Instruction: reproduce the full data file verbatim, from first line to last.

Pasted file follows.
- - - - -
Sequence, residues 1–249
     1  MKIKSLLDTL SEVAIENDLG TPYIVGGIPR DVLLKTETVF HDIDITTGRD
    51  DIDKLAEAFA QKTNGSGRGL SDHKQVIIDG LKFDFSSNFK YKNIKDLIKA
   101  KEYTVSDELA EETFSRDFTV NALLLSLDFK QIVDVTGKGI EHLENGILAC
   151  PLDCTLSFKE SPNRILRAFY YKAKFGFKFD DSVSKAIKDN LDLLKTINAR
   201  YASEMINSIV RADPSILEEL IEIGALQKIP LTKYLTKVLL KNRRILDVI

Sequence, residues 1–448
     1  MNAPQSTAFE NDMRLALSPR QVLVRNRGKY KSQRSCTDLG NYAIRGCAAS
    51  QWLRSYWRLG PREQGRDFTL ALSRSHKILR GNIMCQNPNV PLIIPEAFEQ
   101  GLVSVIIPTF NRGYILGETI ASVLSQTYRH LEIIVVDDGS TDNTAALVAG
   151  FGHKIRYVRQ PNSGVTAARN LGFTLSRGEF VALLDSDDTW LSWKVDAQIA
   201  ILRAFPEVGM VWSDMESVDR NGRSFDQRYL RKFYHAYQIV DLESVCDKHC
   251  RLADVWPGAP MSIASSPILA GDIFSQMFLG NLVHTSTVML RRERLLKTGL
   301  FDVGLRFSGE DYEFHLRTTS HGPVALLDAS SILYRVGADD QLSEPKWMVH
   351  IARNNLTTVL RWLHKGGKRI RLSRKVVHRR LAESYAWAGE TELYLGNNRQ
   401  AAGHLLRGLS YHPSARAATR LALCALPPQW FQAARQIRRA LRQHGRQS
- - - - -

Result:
Sequence, residues 1–249
     1  MKIKSLLDTL SEVAIENDLG TPYIVGGIPR DVLLKTETVF HDIDITTGRD
    51  DIDKLAEAFA QKTNGSGRGL SDHKQVIIDG LKFDFSSNFK YKNIKDLIKA
   101  KEYTVSDELA EETFSRDFTV NALLLSLDFK QIVDVTGKGI EHLENGILAC
   151  PLDCTLSFKE SPNRILRAFY YKAKFGFKFD DSVSKAIKDN LDLLKTINAR
   201  YASEMINSIV RADPSILEEL IEIGALQKIP LTKYLTKVLL KNRRILDVI

Sequence, residues 1–448
     1  MNAPQSTAFE NDMRLALSPR QVLVRNRGKY KSQRSCTDLG NYAIRGCAAS
    51  QWLRSYWRLG PREQGRDFTL ALSRSHKILR GNIMCQNPNV PLIIPEAFEQ
   101  GLVSVIIPTF NRGYILGETI ASVLSQTYRH LEIIVVDDGS TDNTAALVAG
   151  FGHKIRYVRQ PNSGVTAARN LGFTLSRGEF VALLDSDDTW LSWKVDAQIA
   201  ILRAFPEVGM VWSDMESVDR NGRSFDQRYL RKFYHAYQIV DLESVCDKHC
   251  RLADVWPGAP MSIASSPILA GDIFSQMFLG NLVHTSTVML RRERLLKTGL
   301  FDVGLRFSGE DYEFHLRTTS HGPVALLDAS SILYRVGADD QLSEPKWMVH
   351  IARNNLTTVL RWLHKGGKRI RLSRKVVHRR LAESYAWAGE TELYLGNNRQ
   401  AAGHLLRGLS YHPSARAATR LALCALPPQW FQAARQIRRA LRQHGRQS